Support for Lawyers

The “W” Word

Well Being

For lawyers’ “wellbeing” * is an uncomfortable word.

This became apparent to us recently at the Wellness for Lawyers Forum, hosted by the University of Melbourne and Monash University Law Schools and sponsored by the Victorian Legal Services Board + Commissioner. (The Forum organisers and attendees obviously fully support wellbeing and use the word liberally.)

We had numerous conversations with legal academics, legal professionals and health professionals who work with the legal profession that suggested the word “wellbeing” is a turn off for legal professionals. Apparently, many in the legal profession consider “wellbeing” to be fluffy, insubstantial, and irrelevant. Perhaps this dismissive perception of an inherently positive word suggests something deeper is going on.

Words are powerful. They convey meaning and create context. They even create our reality.

“Wellbeing” is an excellent example of social usage changing the meaning of a word and creating a particular version of reality. According to the psychological literature, wellbeing means optional functioning.

What lawyer does not want to function optimally? So why are lawyers so dismissive of “wellbeing”?

Lawyers value winning, strength and persistence. They may perceive the discourse around lawyers’ wellbeing as highlighting vulnerability, an anathema to lawyers. Thus, “wellbeing” as perceived by lawyers may mean “weakness” or even “mental illness”. Consequently, it appears the perceived meaning is the opposite of the word’s actual meaning. This looks like the insidious work of stigma.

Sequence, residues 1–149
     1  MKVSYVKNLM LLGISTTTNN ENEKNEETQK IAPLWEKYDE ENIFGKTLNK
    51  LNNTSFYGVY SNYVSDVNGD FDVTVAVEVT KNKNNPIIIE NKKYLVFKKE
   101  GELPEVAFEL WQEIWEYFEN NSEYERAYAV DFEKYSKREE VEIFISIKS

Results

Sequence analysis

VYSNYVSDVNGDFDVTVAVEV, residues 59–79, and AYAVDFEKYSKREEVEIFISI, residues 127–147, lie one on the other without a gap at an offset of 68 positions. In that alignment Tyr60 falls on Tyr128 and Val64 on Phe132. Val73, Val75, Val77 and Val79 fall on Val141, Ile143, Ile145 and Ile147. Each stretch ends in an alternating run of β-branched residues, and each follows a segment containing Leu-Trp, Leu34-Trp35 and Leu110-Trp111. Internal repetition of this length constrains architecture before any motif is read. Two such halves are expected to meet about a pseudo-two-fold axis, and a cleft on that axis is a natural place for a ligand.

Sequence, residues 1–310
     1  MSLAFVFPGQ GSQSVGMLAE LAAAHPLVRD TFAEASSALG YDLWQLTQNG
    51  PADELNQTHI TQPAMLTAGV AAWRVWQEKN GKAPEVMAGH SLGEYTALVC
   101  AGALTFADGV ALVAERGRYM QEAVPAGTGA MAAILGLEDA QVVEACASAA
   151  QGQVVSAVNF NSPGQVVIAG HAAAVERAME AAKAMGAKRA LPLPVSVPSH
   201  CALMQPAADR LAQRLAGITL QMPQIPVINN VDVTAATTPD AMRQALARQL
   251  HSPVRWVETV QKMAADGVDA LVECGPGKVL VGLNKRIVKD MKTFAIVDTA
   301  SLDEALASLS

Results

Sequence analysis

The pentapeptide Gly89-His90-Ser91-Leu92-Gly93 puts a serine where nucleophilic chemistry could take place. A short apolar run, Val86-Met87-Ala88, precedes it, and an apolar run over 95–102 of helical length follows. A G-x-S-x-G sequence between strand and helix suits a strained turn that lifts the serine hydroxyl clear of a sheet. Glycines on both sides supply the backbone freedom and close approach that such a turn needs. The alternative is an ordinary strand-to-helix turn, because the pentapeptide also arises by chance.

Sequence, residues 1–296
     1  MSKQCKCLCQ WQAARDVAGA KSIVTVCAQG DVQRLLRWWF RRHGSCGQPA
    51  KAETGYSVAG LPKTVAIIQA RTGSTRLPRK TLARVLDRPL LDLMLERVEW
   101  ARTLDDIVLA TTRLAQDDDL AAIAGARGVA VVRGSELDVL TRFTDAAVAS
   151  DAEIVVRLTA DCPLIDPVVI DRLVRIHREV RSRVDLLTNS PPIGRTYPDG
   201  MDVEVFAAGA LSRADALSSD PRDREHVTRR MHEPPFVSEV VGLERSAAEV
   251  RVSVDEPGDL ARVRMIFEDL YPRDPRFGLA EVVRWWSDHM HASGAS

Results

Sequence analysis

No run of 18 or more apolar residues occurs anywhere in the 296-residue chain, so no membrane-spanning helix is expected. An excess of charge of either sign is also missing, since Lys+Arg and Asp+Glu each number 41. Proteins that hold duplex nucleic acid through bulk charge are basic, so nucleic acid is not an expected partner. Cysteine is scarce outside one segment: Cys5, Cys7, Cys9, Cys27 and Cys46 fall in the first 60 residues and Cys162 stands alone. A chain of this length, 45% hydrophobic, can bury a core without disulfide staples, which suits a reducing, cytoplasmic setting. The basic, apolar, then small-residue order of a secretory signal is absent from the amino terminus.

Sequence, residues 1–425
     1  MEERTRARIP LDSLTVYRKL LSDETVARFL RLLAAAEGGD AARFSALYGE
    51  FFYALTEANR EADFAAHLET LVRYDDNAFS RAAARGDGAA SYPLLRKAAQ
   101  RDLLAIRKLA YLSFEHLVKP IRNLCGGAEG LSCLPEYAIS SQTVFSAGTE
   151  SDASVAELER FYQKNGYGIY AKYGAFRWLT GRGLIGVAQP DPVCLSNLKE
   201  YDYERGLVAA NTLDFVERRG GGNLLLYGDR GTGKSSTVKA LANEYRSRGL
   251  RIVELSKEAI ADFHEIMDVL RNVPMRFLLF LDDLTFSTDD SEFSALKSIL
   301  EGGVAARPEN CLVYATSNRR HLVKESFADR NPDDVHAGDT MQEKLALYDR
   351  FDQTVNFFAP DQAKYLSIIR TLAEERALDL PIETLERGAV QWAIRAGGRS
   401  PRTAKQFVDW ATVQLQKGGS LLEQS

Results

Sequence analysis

Stigma is a social phenomenon that acts to create categories and segregate groups. At its heart is stereotyping, separation and power. Thus, members of a group labelled weak are perceived as other, ostracised, isolated, shamed, dismissed, and ignored. Being a social phenomenon, stigma is perpetuated by words and can surround words – it shapes the very meaning we socially attribute to words.

The 2022 national Canadian study on health and wellbeing of legal professionals indicates the existence of stigma. It revealed that nearly one fifth of Canadian legal professionals believed people experiencing mental health issues are less capable to undertake legal work. People who experienced mental health issues were at least one third of all respondents (over 6000 people participated in the study) and reported they felt the impact of stigma. Over half of these legal professionals perceived they were lesser than their colleagues, 43.3% felt isolated and 17.3% perceived they were discriminated against within the profession. These results indicate that stigma is alive and well in the legal profession.

The Victorian Legal Services Board and Commissioner report on the Victorian legal profession’s wellbeing confirms the widely held belief that mental ill-being and wellbeing are signs of weakness. The report revealed that a culture unsupportive of wellbeing exists in most legal professional settings. Practitioners expressed that they felt isolated and especially junior professionals, had to accept stressful and demanding working conditions to maintain their employment. This is a portrait of a profession that values power, is reticent to acknowledge mental health and wellbeing and, thus, stigmatises wellbeing.

The 2021 International Bar Association report on the wellbeing of the legal profession supports the “Courting the Blues” report finding fifteen years ago: mental health and wellbeing are not signs of weakness and are issues for the entire profession. As stigma is a socially created phenomenon, it must be addressed within the culture and systems of the legal profession.